For the record, Boston emerged victorious 118-116.
Ainge, who played for the Celtics in that game, hasn¹t forgotten it either.
"Larry wasn't feeling great at that time in his career," Ainge pointed out. "His back and his Achilles tendons were bothering him.
"Larry used to make a living off what we referred to as 'a step-back jumpshot.' He would dribble the ball toward the basket, then jump backward and shoot a fadeaway. It was a patented move of Larry's that he was able to do consistently [before his injuries]. But that became a little more challenging for him to do because his Achilles tendons were sore and he didnt have the same lift and balance on his shot.
"So I remember Larry working on a new shot [in early 1988], like a jump hook from about 12 or 15 feet. He was working on it before that game, then he implemented it in that game. I always found that fascinating. Here's a guy — he wasn't able to do what he normally does — who finds another way to do something else and be equally effective. Larry was far from 100 percent physically for that game. So for him to still do what he did was incredible."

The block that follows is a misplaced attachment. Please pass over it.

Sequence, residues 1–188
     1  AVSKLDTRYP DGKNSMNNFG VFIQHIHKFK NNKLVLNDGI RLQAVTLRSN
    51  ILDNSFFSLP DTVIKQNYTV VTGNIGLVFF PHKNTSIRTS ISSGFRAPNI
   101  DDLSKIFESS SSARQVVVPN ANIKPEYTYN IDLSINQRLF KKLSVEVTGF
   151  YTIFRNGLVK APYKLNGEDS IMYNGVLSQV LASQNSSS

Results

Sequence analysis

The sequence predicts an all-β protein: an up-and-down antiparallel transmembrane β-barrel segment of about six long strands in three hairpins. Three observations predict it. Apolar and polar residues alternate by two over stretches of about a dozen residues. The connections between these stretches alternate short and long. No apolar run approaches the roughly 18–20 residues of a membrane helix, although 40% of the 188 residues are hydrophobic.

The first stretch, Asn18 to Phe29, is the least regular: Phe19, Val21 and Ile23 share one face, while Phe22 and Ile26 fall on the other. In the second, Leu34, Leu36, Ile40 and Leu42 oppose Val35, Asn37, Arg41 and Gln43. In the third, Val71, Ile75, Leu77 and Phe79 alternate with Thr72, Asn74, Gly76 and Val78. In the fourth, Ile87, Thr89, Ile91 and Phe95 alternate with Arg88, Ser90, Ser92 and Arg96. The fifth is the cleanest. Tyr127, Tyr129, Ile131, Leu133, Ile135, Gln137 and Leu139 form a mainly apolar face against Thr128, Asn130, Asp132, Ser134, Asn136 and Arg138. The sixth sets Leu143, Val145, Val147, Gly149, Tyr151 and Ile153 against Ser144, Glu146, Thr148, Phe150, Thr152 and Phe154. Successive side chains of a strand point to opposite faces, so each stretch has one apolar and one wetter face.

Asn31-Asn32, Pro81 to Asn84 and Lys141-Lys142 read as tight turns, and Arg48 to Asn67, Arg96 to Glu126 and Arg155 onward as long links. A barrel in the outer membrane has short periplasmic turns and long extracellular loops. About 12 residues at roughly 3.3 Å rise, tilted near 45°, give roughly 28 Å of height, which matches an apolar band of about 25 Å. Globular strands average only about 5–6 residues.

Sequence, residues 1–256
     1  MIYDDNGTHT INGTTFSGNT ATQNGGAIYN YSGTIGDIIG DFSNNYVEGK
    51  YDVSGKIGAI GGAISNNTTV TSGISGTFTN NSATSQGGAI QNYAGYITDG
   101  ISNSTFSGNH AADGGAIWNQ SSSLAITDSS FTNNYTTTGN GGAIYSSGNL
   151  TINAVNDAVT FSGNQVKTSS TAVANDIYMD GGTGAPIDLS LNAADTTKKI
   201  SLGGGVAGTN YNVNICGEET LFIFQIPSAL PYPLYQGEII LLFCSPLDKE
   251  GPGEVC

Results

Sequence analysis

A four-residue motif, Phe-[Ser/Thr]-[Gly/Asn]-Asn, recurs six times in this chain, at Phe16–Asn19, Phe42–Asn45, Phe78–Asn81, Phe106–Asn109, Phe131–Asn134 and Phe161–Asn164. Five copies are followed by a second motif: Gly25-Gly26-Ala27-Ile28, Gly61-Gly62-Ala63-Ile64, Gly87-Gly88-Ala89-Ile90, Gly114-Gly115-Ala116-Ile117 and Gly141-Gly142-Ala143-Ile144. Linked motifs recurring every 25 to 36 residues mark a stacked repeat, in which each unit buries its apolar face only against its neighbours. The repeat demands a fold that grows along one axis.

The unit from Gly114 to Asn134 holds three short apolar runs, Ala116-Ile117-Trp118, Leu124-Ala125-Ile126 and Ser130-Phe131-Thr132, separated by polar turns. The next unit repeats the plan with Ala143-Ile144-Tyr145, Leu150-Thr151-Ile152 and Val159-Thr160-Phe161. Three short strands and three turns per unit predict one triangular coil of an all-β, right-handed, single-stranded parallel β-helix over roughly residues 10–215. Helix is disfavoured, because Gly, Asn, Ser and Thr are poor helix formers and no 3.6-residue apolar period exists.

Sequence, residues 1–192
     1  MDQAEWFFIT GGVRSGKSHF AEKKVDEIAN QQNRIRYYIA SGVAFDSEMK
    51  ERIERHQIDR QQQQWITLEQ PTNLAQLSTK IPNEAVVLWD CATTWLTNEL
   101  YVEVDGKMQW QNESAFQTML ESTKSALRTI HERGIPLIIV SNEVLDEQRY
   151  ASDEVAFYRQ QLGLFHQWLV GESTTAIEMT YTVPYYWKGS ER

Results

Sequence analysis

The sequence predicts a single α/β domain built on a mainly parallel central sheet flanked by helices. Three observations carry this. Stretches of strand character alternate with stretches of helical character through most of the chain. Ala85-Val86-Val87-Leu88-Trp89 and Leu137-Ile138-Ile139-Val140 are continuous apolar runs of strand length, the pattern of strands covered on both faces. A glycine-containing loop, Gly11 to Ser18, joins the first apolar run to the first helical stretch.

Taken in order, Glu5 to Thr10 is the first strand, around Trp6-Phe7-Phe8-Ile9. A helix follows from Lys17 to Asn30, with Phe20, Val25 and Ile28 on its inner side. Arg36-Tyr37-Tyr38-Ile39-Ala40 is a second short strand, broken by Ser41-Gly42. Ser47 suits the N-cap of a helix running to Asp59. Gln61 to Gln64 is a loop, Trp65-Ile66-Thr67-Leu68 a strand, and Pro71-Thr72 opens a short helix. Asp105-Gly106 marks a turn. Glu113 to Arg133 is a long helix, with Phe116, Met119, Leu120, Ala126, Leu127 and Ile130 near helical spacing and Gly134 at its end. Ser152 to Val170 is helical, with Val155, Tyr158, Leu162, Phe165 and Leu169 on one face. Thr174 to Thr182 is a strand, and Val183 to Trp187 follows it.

Ainge said he wasn't surprised that this epic showdown happened the way it did.
"They were two of the greatest offensive players in the NBA at that time," he emphasized. "Dominique did everything he could that night."
Bird: 'brilliant,' 'very kind¹
Walton said Bird lived for moments such as the one against Atlanta in 1988 — on and off the court.
"Larry, in life, is just like how he was on the court — very serious about getting the job done but always wanting to have fun along the way," Walton explained. "As a player, Larry was always 20 moves ahead of everybody else. He was like a brilliant chess player. He was [Garry] Kasparov. He was [Bobby] Fischer. Larry had that [mental element to his game]. But it was not just in basketball; it was in life as well. He had a sense of anticipation, a sense of always knowing what was going to happen before anybody else did."